Eelgrass is a type of seagrass, a group of flowering plant species that thrive in saltwater. Often confused with seaweed, eelgrass has tiny flowers and is thought to be more closely related to lilies than to grasses. Eelgrass flowers bloom underwater and have filamentous pollen strands that drift onto stigmas of nearby flowers by flowing through the water column. The evolution of filamentous pollen in seagrasses is an adaptation to submarine pollination, which is quite uncommon. Even less common among plants is the adaptation to saltwater.
Eelgrass grows in coastal estuaries and bays in the north Pacific and Atlantic oceans. In Humboldt Bay, its horizontal stems are rooted in bay mud in the intertidal zone. It can thrive at varying depths in different regions, depending on water clarity. In Humboldt Bay, sediment from the tributaries limits eelgrass by blocking light penetration through turbid waters, particularly after rainstorms that carry sediment from dirt roads, clearcuts, landslides, and eroded streambanks.
Eelgrass provides important habitat for juvenile salmon, herring, and other fishes, as well as Dungeness crabs and the wide variety of invertebrates they prey upon. Eelgrass also provides food for resident and migratory waterfowl. Perhaps most notably, black brant geese make exclusive use of estuarine seagrasses as they migrate from overwintering areas in Mexico to spring staging areas in coastal California and the Pacific Northwest before moving to breeding areas in southwest Alaska. Brants generally graze Humboldt Bay’s eelgrass by the tens of thousands from mid-December to early May.
Although eelgrass and other seagrasses occupy less than two tenths of a percent of the world’s oceans, they capture and store a tremendous amount of carbon from the Earth’s atmosphere (12 to 20 percent). Combined with coastal marshes and tropical mangroves, seagrass ecosystems comprise a mere two percent of ocean area, but account for 50 percent of ocean carbon storage. One scientist has estimated that the carbon storage capability of one acre of seagrass is equal to 40 acres of terrestrial forest.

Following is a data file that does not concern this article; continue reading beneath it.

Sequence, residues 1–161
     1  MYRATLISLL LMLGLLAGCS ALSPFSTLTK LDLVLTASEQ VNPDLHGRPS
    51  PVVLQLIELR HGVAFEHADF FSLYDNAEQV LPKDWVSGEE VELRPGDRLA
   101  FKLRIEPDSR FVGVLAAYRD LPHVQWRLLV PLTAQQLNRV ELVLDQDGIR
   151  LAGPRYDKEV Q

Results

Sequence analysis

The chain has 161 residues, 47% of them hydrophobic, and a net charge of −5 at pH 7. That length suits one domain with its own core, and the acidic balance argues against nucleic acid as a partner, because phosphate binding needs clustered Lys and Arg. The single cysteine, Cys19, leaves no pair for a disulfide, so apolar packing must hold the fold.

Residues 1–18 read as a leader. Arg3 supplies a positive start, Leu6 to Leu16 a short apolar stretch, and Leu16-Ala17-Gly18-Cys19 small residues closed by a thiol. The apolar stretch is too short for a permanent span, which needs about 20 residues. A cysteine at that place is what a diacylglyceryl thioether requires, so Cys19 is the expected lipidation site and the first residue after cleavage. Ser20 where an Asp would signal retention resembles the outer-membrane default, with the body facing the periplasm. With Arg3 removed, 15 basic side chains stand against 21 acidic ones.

Unfortunately, 29 percent of the world’s known seagrass beds have been destroyed since 1879, and they continue to disappear at an annual rate of seven percent, re-releasing sequestered carbon back into the atmosphere.
Due to its critical ecological role in supporting so many species of wildlife, eelgrass and its habitat are protected by state and federal law. Projects that impact it must offset any loss of eelgrass by establishing new sites, which requires transplanting eelgrass shoots in suitable areas where it is not already present. Transplanting eelgrass is difficult work that often has fairly low success rates.
The primary threats to eelgrass are direct impacts from dredging, shellfish production, and dock construction. Another threat is poor water quality resulting from sediment-polluted runoff, which reduces eelgrass growth by decreasing the amount of sunlight that can be used for photosynthesis. Existing eelgrass habitat will undoubtedly be altered as sea level rises, although eelgrass may become more abundant as the footprint of the Bay expands with higher relative sea level.
Fortunately, Humboldt Bay’s eelgrass beds appear to be thriving, and many local scientists, land managers, and regulatory agency staff are actively engaged in protecting, restoring, studying, and managing this critical resource and the numerous species that rely on it for food and habitat.